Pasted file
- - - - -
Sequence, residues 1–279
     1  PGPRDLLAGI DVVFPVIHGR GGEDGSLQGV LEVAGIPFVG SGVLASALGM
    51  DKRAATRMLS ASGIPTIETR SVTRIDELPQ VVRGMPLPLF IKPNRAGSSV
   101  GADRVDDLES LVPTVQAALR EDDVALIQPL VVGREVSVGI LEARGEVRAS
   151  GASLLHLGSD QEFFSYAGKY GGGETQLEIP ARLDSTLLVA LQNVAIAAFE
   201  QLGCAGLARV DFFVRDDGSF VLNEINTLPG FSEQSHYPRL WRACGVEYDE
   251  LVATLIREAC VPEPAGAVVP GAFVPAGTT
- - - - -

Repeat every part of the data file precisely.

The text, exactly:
Sequence, residues 1–279
     1  PGPRDLLAGI DVVFPVIHGR GGEDGSLQGV LEVAGIPFVG SGVLASALGM
    51  DKRAATRMLS ASGIPTIETR SVTRIDELPQ VVRGMPLPLF IKPNRAGSSV
   101  GADRVDDLES LVPTVQAALR EDDVALIQPL VVGREVSVGI LEARGEVRAS
   151  GASLLHLGSD QEFFSYAGKY GGGETQLEIP ARLDSTLLVA LQNVAIAAFE
   201  QLGCAGLARV DFFVRDDGSF VLNEINTLPG FSEQSHYPRL WRACGVEYDE
   251  LVATLIREAC VPEPAGAVVP GAFVPAGTT